Mobile or handheld

basing110

Observer
I am currently studying off and on for my tech license. I would like to get a setup to start listening in until then. I am in a work vehicle passenger side most of the week but can not install anything in the vehicle... has to be easily removable.

I am eventually going to get a yaesu 8900r set up in my vehicle permanently but it would only be used on my daily commutes to and from work which means not much time listning and figuring out how to run the radio efficently.

So is there a way to make it easily portable as in plugging in to the cigerette lighter for power and then some sort of magnetic mount antenna?

I have been thinking of getting a yaesu dual band hand talkie with a magnetic mount antenna but would be able to get alot farther distances with a true mobile unit..

Any suggestions?
 

Frdmskr

Adventurer
You can do a couple things.

1) HT with magmount and external battery

2) mobile rig, magmount bigger external battery

It largely depends on your budget and how much repeater coverage there is in your area.

Do avoid the cigarette lighter socket. The wiring is insufficient for running a rig and most mobile plugs for HTs are for charging only, not transmit.


Sent from my iPhone using Tapatalk
 

AaronK

Explorer
There are "battery eliminators" for many popular handhelds that plug into the cigarette lighter. I have one for my vertex standard handheld. Food for thought

Sent from my OnePlus One using Tapatalk.
 

Airmapper

High-Tech Redneck
I'd stick with the handheld plus mag mount approach if you are in a work vehicle. Keep it charged up with the cig plug if you have a way to do that. Except for the antenna you could cram the whole rig in your pocket and walk off.

Most new hams think they are going to do something significant with ham. I did for a while. Unless you are an aging old fart with numerous medical ailments to discuss or have a deep psychological need to rant about the younger generations, then your not going to find a lot in common with 90% of the people you will be talking to. It's not that cool, it's not like being a cop, it's actually pretty boring and useless. Where ham shines for most of us on this board is when you are traveling with someone and they are also a ham, then you can use real kick butt radios and communicate reliably and over significant distance. Without a buddy though ham is mostly useless, I mean you can try it in an emergency but how many real emergency does one have? The old farts are usually really nice guys and will help, I'm not knocking them at all, but you just won't find a lot to discuss unless you have common ground. It's not like you'll be on there doing anything exciting.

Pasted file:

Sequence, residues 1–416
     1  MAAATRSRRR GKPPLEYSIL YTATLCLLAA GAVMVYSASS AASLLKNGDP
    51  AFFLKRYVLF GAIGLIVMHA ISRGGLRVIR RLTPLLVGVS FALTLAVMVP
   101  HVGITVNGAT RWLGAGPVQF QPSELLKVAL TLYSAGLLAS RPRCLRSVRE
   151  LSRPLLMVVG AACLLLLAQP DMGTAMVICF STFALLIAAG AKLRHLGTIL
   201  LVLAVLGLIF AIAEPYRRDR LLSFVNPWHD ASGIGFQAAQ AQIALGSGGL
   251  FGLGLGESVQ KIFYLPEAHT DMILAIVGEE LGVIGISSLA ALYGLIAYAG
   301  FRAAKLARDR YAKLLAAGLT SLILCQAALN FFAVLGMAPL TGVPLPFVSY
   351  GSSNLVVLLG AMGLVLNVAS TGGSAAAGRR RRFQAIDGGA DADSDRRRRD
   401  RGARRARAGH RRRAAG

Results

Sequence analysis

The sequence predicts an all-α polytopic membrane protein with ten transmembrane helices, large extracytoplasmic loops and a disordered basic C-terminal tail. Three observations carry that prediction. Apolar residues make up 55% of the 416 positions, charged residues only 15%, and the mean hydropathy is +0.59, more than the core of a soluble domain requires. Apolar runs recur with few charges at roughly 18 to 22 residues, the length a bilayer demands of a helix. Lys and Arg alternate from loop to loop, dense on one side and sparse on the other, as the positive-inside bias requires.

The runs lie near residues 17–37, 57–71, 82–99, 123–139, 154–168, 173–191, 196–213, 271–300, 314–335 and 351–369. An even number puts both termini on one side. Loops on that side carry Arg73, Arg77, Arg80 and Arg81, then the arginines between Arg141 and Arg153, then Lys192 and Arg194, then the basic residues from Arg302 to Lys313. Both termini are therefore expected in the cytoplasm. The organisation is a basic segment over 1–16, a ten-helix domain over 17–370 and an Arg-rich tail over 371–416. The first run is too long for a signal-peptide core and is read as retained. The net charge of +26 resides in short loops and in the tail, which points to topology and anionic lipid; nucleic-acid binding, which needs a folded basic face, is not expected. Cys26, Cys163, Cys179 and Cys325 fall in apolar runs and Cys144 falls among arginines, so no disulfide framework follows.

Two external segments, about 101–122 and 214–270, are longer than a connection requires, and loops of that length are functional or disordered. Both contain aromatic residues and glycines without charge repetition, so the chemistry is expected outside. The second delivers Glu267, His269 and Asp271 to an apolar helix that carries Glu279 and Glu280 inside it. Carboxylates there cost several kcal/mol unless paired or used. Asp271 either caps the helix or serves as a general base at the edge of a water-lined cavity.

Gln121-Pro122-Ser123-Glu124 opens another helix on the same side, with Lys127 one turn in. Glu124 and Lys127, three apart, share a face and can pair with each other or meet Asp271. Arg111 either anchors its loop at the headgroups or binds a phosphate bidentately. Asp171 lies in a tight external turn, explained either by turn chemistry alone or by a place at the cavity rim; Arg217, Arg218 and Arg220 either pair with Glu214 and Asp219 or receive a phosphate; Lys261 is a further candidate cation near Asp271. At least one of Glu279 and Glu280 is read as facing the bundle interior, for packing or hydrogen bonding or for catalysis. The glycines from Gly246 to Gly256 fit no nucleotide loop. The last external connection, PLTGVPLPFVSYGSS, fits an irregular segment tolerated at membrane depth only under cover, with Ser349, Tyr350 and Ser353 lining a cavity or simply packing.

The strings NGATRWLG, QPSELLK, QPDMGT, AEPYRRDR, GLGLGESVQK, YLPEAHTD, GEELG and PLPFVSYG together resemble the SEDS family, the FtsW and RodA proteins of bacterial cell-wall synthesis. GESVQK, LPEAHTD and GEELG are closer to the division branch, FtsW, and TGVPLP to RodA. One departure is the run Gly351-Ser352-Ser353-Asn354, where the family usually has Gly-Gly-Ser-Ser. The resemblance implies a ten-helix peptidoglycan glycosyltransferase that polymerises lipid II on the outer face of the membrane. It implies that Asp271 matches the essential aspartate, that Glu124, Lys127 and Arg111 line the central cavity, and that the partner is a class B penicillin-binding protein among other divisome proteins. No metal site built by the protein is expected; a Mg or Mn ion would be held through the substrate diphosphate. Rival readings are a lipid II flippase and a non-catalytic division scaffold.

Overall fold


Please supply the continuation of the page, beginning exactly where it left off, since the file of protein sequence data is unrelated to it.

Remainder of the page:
If you were just really set on using a mobile, I'd get a plastic ammo box and a small 12v battery (18Ah or so) and neatly mount it all inside, cut a hole for panel mounting the face, make a surface mount antenna connector, you can do them up really nice if you want. Even cut ventilation slots and add a fan on a switch if you like. You could even give it a 12v plug to plug into the vehicles power to try and slow or offset the drain from the radio as long as the engine is running, use a diode or relay to make it disconnect when the vehicle isn't running. You can go wild and have it all inside a box with a handle. But that will not be cheap and 100% DIY. I built a simple power pack box and it ran me a pretty penny collecting gadgets, it's super cool and was fun to build, but not sure it's was worth it.
 

Martinjmpr

Wiffleball Batter
I would think if you're in any kind of city or urban built up area an HT should be plenty of radio for you. I think HT's can put out up to 5 watts, right? Plenty of power to hit repeaters or do simplex. Modern HT's are amazingly versatile units and pack a lot of features (almost too many, IMHO) into a very small pacakage. With an HT all you'd need is a 12v power cord to keep the battery charged and maybe an external antenna. Easy, cheap and should do everything you need a radio to do.